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Lunaria, or money plant, is a member of the Brassicaceae family that is noted for its papery dried seed pods. They are biennial in habit, meaning they produce green, leafy growth the first year and flowers the next. The silvery seed pods are used in dried flower arrangements and can last for years. A European native that is now established throughout much of North America, it grows wild in many areas. It is also known as dollar plant, annual honesty, perennial honesty and silver dollar.
The four-petaled flowers of the lunaria plant are violet in color, highly fragrant, and bloom throughout the early summer in clusters atop a single stem. They have a habit of fading as they mature, making them appear lavender or nearly white. The leaves are large, deep green and toothed, and grow in a clump close to the ground and up the stem. These are good garden plants for beginners, because they are extremely easy to grow and are not picky about soil or sunlight.
This ornamental plant grows to 2 feet tall (0.6 m) or more and can be top heavy, making it prone to toppling over in windy conditions. Staking can help prevent this from happening. It also has shallow roots and may need to be replanted deeper in the soil to increase stability and to help prevent the roots from drying out.
Lunaria is unusual in that it is commonly planted not for its flowers but for its seedpods. After the flowers have gone in midsummer, flat green seedpods begin to appear. They are about 1 inch in diameter (2.5 cm) with from three to six large flat seeds visible inside each one. As summer goes on, they turn a silvery tan color and become more transparent. The pod splits and the seeds turn brown, dropping onto the ground to sprout the following growing season, and leaving thin, ornamental, coin-like circles behind on the stalks.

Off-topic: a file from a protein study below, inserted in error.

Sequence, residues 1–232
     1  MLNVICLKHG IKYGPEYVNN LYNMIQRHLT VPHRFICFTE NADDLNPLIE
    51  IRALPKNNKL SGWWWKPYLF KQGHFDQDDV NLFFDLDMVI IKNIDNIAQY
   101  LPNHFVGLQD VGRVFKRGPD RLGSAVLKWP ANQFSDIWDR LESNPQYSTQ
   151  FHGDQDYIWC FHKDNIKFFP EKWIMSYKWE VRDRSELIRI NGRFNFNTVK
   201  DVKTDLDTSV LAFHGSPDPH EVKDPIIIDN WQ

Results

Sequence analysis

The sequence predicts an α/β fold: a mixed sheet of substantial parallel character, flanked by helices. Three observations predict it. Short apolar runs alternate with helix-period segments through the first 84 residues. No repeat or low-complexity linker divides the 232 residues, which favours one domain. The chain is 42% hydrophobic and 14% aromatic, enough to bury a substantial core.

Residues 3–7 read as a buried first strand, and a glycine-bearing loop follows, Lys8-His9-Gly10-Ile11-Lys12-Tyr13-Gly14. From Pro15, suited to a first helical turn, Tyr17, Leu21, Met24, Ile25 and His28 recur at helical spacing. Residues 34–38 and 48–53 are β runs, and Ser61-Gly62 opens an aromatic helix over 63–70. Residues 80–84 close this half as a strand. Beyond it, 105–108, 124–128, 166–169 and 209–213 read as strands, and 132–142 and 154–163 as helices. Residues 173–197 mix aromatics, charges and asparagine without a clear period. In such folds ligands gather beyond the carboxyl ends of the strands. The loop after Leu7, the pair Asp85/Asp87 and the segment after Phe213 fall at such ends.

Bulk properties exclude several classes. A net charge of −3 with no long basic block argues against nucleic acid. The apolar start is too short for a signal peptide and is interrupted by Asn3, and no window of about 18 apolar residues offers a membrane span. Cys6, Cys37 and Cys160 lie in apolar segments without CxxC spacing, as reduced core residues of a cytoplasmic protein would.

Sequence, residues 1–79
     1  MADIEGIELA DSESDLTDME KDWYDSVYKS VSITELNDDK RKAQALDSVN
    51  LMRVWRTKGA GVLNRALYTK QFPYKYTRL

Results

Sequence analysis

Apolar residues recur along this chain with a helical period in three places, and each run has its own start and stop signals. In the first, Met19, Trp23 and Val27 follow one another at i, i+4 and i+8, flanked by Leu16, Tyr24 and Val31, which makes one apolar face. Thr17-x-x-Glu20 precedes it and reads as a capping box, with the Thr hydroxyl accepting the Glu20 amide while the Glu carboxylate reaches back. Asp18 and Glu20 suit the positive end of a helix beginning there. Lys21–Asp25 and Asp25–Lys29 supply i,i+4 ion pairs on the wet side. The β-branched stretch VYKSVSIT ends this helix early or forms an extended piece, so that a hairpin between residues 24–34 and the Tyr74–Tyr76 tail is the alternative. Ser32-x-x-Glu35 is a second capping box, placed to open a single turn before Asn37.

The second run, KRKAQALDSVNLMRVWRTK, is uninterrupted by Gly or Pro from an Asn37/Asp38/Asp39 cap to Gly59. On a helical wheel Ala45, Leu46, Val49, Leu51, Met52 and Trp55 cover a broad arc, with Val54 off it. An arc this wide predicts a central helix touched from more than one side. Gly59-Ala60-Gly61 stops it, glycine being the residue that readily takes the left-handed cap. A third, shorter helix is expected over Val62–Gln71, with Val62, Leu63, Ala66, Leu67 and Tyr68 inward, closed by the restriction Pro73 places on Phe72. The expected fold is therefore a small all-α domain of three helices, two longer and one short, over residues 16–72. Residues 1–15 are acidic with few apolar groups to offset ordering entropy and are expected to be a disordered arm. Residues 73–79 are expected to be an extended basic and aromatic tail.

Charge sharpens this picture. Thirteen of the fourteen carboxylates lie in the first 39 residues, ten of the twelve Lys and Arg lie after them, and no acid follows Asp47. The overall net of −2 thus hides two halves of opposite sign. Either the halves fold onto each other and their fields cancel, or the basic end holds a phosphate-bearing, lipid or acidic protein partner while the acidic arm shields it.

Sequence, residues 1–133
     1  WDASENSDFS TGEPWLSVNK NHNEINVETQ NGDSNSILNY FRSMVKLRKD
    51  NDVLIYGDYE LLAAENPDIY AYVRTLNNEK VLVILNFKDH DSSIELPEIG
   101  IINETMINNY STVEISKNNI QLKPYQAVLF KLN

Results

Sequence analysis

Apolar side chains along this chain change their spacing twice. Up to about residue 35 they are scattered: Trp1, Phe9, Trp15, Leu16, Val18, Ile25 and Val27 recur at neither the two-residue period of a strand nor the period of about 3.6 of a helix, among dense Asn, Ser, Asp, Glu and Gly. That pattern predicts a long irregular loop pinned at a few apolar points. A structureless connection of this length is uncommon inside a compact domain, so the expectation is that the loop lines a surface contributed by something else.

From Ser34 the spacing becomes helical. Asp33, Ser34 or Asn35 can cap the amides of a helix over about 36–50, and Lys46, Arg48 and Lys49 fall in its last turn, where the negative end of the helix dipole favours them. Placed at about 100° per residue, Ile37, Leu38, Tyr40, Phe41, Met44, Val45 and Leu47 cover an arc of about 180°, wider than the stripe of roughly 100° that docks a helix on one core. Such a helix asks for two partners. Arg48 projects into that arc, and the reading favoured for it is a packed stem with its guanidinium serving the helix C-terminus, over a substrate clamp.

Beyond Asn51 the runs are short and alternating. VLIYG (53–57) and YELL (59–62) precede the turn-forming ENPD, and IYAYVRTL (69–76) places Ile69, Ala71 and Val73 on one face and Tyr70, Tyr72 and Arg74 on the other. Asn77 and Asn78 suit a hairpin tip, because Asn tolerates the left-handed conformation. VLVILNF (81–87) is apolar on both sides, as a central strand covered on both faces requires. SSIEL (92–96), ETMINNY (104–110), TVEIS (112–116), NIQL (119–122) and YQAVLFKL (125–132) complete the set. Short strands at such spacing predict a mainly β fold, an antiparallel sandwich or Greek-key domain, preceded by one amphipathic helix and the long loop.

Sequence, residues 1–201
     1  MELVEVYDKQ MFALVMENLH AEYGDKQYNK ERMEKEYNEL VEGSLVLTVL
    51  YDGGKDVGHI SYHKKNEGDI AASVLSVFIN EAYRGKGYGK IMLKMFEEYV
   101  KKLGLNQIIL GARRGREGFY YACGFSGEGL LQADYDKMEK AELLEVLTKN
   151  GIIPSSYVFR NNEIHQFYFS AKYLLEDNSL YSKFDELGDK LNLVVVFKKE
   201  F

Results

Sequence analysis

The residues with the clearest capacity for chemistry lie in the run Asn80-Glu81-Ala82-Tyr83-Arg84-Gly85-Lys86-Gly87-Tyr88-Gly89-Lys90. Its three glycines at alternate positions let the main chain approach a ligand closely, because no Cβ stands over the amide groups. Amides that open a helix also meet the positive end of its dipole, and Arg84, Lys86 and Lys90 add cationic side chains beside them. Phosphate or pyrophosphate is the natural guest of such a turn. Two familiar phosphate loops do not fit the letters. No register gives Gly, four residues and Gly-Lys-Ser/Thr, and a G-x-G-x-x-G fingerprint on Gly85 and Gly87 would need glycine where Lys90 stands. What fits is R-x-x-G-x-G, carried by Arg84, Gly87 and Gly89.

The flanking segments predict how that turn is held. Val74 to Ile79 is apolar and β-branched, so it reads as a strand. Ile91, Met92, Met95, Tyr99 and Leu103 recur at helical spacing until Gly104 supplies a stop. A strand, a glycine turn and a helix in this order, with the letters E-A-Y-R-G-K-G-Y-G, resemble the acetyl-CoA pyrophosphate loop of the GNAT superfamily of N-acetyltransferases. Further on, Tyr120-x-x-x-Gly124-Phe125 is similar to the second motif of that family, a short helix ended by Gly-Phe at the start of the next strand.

Once lunaria has been around for a few years, it will begin appearing everywhere, because it spreads readily. It transplants well, making it easy to move plants when they grow where they are not wanted. They will continue to spread each year but not to the point of becoming invasive like its cousin Hesperis matronalis, or Dame’s Rocket. While they are members of the same family of flowering plants and they are similar in appearance, lunaria does not colonize into large swarms of plants as hesperis does.